Unlucky in Love

The Afghan Whigs’ Gentlemen is the first of MSN’s 13 favorite breakup albums. Just in time for Valentine’s Day.

Defining lyrics: “Baby you can open your eyes now/And please allow me to present you with a clue/If I inflict the pain/Then baby only I can comfort you” from the song “When We Two Parted”
Chaser: Whiskey, a shot glass, and a mirror

“Gentlemen” starts with a howling, foreboding wind, one that sounds like it’s ripping across a desolate wasteland. In this case, it’s the sound inside the angst-ridden brain of Afghan Whigs’ leader Greg Dulli. And it’s the only calm you get during “Gentlemen,” a small pause before an ugly storm.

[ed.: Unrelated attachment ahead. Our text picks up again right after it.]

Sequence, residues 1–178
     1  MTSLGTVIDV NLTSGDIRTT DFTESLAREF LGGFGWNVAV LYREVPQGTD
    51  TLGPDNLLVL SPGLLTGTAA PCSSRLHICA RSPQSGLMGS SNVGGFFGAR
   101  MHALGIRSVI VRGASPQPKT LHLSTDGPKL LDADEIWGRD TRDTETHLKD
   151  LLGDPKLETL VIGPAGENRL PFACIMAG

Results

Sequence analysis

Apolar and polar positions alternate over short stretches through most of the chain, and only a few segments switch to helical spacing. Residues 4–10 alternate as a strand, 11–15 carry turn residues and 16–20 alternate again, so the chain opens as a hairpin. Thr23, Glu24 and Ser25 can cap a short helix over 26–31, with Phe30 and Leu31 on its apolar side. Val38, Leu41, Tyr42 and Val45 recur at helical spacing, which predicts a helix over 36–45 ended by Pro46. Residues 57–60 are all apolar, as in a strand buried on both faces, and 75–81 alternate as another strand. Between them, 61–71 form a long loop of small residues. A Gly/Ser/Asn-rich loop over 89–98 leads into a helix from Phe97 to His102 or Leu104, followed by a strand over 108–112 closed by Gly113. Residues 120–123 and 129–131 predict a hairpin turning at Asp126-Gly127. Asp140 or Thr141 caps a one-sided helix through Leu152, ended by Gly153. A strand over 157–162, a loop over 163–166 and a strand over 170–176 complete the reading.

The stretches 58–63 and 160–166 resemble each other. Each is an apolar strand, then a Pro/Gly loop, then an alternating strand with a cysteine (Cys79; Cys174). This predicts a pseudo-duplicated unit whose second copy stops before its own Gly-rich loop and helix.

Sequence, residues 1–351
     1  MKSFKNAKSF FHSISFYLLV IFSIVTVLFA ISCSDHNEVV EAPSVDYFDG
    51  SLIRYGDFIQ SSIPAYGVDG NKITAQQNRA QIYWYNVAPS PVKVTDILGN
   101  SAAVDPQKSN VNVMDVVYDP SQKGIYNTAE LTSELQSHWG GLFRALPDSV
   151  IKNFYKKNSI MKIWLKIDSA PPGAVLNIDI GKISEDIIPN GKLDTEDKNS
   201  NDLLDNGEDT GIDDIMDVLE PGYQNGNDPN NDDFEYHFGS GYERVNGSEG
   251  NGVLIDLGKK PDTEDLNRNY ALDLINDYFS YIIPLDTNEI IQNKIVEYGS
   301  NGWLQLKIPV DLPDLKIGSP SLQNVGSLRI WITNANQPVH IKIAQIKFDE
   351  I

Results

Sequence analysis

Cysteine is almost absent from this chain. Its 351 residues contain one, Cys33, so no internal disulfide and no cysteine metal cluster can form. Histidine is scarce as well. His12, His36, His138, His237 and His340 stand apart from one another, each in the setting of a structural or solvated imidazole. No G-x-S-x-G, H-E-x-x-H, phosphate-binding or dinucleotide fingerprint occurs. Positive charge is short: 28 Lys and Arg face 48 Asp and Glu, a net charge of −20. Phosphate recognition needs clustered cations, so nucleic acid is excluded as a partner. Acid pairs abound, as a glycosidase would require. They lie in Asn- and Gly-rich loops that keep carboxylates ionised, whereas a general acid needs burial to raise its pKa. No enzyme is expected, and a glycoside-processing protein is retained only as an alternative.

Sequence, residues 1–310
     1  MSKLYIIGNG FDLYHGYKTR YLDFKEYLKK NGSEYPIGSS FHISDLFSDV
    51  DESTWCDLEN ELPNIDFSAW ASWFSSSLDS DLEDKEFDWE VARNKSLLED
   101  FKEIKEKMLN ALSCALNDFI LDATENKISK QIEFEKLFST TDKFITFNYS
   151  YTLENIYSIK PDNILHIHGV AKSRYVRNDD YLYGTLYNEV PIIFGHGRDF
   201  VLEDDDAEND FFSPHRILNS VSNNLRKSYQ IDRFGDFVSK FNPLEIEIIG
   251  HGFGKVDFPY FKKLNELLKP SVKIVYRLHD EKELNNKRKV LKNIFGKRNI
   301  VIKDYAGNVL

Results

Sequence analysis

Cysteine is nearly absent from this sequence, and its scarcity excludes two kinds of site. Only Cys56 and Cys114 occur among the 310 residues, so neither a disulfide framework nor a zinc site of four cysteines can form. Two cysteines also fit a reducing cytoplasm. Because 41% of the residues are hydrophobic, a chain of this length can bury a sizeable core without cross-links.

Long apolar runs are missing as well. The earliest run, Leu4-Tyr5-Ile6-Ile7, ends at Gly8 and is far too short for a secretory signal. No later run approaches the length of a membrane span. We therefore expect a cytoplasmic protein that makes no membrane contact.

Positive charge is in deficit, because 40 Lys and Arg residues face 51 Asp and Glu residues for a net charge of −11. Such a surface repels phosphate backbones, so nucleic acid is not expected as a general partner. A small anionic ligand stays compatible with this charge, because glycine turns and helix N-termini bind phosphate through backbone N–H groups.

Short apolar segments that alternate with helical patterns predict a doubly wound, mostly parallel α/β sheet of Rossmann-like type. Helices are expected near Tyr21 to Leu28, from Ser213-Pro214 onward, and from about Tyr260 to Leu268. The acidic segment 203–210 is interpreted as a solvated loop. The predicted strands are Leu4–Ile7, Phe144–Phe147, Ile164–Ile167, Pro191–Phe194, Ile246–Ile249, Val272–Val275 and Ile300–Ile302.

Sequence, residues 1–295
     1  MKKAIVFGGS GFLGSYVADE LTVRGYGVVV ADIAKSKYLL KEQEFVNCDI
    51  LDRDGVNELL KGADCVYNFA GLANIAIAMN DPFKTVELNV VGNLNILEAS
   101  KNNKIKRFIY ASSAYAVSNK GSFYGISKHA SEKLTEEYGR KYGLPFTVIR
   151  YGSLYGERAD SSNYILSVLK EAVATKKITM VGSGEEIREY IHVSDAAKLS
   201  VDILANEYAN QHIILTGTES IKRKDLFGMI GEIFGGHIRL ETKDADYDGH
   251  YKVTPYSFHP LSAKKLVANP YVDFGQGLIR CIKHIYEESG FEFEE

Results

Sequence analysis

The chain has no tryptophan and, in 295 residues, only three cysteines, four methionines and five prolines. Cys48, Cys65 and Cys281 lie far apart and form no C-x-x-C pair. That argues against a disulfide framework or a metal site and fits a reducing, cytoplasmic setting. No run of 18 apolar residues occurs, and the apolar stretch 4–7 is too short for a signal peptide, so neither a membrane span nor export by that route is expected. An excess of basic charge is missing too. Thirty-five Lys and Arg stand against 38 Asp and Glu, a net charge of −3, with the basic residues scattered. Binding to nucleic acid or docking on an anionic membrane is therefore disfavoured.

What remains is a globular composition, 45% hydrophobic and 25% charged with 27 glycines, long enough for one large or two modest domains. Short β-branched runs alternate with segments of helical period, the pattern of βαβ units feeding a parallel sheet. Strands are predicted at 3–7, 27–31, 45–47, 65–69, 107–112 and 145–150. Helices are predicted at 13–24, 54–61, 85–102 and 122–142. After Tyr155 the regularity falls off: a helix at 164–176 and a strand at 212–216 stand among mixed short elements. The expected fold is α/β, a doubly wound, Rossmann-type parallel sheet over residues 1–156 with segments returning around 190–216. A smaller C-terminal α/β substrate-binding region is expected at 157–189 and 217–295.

In the course of the album’s 11 songs, Dulli details his own failing relationship, sputtering, snarling and screaming emotions ranging from hate to self-pity. It’s easy to lash out at the one you loved. It’s tougher to gaze inward and admit your own fault. “Gentlemen” is mostly a look in the mirror, a naked self-examination that spirals into deep self-loathing. “Tonight I go to hell/For what I’ve done to you/This ain’t about regret/It’s when I tell the truth,” he sings on “Debonair,” the, uh, hit from the album. Revealing truth is what this album is all about. Self-reflection rarely feels this honest (John Lennon comes to mind), nor does it rock this hard (the Whigs were such a tight, blaring unit). If you think there is any hope for salvation, check out the album cover, which illustrates that this game starts very early in life. “I waited for the joke, it never did arrive,” Dulli admits on the title track. Yep, nothing funny about this record.

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